Bulls trying to play way in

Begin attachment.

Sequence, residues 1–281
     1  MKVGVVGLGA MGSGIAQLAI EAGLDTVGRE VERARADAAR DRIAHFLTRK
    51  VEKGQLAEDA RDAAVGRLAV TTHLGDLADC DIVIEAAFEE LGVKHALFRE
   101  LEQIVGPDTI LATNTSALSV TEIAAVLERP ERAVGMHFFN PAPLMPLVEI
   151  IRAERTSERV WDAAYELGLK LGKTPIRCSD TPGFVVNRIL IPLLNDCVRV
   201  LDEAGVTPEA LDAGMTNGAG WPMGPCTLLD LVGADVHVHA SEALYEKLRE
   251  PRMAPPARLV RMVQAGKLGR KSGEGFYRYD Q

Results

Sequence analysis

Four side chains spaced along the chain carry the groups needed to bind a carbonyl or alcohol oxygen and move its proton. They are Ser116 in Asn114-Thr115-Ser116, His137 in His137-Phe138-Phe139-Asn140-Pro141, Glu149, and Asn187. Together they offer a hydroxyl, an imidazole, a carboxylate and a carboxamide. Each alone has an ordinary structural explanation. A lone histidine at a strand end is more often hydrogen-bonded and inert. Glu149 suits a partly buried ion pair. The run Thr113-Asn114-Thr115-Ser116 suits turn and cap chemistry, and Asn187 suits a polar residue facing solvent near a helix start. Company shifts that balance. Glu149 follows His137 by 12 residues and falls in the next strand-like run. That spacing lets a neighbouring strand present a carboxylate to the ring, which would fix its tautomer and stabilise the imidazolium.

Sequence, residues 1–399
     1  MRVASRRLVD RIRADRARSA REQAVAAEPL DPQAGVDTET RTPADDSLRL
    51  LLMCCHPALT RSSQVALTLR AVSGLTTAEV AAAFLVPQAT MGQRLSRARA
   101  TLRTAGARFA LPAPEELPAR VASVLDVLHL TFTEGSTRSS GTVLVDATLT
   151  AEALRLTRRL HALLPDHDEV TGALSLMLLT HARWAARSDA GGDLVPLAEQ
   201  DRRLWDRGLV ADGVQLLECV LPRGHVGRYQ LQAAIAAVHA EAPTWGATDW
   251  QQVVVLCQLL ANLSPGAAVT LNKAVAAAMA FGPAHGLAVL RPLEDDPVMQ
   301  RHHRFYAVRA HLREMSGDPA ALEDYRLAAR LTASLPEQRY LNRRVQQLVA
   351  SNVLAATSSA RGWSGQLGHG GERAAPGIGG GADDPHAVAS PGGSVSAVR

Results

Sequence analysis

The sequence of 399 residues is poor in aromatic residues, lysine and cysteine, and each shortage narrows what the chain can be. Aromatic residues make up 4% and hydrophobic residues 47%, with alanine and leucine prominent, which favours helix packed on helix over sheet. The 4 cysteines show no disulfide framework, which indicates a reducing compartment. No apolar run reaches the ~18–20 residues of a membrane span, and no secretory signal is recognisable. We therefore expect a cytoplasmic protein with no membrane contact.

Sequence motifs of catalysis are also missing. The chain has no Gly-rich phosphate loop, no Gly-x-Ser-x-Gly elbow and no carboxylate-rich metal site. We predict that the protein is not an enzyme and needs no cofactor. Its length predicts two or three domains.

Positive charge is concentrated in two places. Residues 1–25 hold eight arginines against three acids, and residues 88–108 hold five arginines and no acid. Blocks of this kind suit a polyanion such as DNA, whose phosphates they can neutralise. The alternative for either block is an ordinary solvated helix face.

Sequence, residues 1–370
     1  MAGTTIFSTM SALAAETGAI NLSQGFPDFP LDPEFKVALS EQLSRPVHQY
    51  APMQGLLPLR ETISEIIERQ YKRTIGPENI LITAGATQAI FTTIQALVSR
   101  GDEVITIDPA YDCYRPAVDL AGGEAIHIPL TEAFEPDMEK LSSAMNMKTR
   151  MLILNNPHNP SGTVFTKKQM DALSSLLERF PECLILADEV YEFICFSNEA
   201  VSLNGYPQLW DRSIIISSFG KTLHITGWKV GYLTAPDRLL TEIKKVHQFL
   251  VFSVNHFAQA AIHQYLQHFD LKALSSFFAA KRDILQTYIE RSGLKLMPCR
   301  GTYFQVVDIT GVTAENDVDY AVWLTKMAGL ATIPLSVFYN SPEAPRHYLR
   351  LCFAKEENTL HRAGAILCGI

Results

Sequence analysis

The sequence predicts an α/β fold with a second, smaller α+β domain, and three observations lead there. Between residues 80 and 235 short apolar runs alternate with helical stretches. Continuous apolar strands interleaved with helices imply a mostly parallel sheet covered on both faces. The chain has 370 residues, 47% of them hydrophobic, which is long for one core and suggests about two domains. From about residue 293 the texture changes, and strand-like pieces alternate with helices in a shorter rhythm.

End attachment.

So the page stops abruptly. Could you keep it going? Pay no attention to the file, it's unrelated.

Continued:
TAMPA - Now, the buzz is palpable. Even an unpredicted late-season run, an improbable finish, seems possible for the University of South Florida Bulls. Three weeks away from Selection Sunday, when the NCAA men's basketball tournament announces its 68-team field, USF (16-10, 9-4 Big East Conference) has begun to enter the conversation. Which prompts the eternal hoops-centric question: Are coach Stan Heath's Bulls, picked for 14th place in their league, actually on the NCAA bubble? From the nation's foremost experts, the people who project tournament brackets and analyze college basketball, there's an almost universal answer:Not yet. But check back in a week or so. "Right now with South Florida, I've got to use the old cliché and say, 'Where's the beef?' " said ESPN's Joe Lunardi, who is considered the patron saint of bracketology, the study of NCAA tournament criteria and the projection of brackets. "It comes down to getting scalps, and they still need to get a few. "No one really thinks South Florida is at the level of Syracuse, Marquette, Georgetown or Louisville. I don't mean that to be insulting. It's just a fact. My gut says they're not good enough for the NCAA. They're more of an NIT team. I'd love to be proven wrong, and if they can get some quality wins, I'll be the first one to beat South Florida's drum. They simply need to beat more high-caliber teams.'' The Bulls, who haven't made the NCAA tournament since 1992, can't afford any clunkers. If USF wins tonight at Pittsburgh (15-12, 4-10), which is enduring uncharacteristic struggles, it sets up an intriguing four-game stretch run. USF has road tests against No. 2-ranked Syracuse on Wednesday and No. 19 Louisville on Feb. 29. It has home matchups against Cincinnati on Feb. 26 and West Virginia on March 3, two teams hovering around the NCAA field periphery. Then there's the X-factor. How many victories can USF earn during the Big East Tournament at Madison Square Garden on March 6-10? "South Florida has nine (Big East wins) in the bank,'' said ESPN analyst Dick Vitale, who once described the USF men's basketball job as the toughest in America. "If they can get a couple more, I think they definitely can get a bid. "They're in position. Before the season started, if anyone would've said they'd be in position for a potential NCAA bid, I don't think anybody would've believed it. But now they're among a lot of teams that can either play their way into the tournament or play their way out. These games become vital . Absolutely vital, baby!'' Most observers agree the Bulls have drastically improved from last season's 23-loss campaign. Statistically, USF features the Big East's best defense. Freshman point guard Anthony Collins has made a major impact. And the Bulls, despite playing in downtown Tampa while the Sun Dome is renovated, have mounted a 13-1 home record. Plus, USF went 6-5 to start the season without Jawanza Poland, who was recovering from a back injury, while Collins and Augustus Gilchrist also missed time. The NCAA selection committee considers the impact of injuries to key players. But eight of USF's nine conference victories have come against teams with losing records in Big East games. Because of that, Jerry Palm, who projects NCAA brackets for CBSSports.com, remains skeptical of USF's viability. The Bulls probably must win four of their last five games to climb into his bubble picture, he said. The Bulls have "played the weakest conference schedule of any Big East team'' and are "the poster child for why conference record and standings are irrelevant,'' Palm said. He described USF's league record as "the softest 9-4 ever.'' Mike DeCourcy, college basketball columnist at The Sporting News, first takes a big-picture view when assessing USF's season. Tonight, the Bulls are seeking a program-record 10th conference victory. USF needed four seasons to earn 10 league wins after joining the Big East in 2005-06. "This is the second time in the past three years that USF has played respectably and competitively (in the Big East),'' DeCourcy said. "Given the gap that had to be closed, I'd say that's hugely positive.'' But it's still not enough to overcome USF's biggest problem. "They've lost to just about every NCAA-caliber team they've played, including VCU, and they were only competitive in a handful of those,'' DeCourcy said. "The mitigating factor is that all but one of those came on the road. I don't think I've ever seen a team in a major conference this deep into the season where almost every quality opponent was a road game. It's just weird. "They still get Cincinnati and West Virginia in their gym, and that certainly doesn't hurt. I doubt even winning both would be enough to completely transform the Bulls into a tournament team. They're either going to need to win on the road or do some serious damage in the Big East Tournament.'' There are definite opportunities for USF, according to Eamonn Brennan, who oversees ESPN.com's daily "Bubble Watch'' feature. "When you dig into their record, you see a team that has mostly taken advantage of a really imbalanced Big East schedule,'' Brennan said. "The Bulls have feasted on (lower-level Big East teams). Throw in the losses to Auburn and Penn State and you've got a really shaky profile obscured by some solid computer numbers. It's a non-starter at this point. "Hey, if USF wants to shock the world in Syracuse or Louisville, then we'd really be talking. Bottom line: They need good top-50 wins or the rap against their profile to date would merely be reinforced.'' Gary Parrish, college basketball columnist for CBSSports.com, said he doesn't expect USF to win at Syracuse or Louisville. "They've mostly just beaten a bunch of bad teams, (but) that's good because that hasn't always been the case in Tampa,'' Parrish said. "The selection committee will be looking for quality wins, and USF doesn't have many at this moment. The positive is that the Bulls already have (nine) Big East wins, which is notable for this program.'' Heath generally agrees with the analysts, saying USF has held serve against most of its schedule, but failed to produce a truly landmark victory. The Bulls, he said, must continue to win — and win over the non-believers — a strategy that is shared in USF's locker room. "Everybody else can do all the talking and ask all the questions,'' USF senior forward Ron Anderson Jr. said. "We're just going to keep playing basketball. When we don't have any more games to play, we can sit back and see where we are.''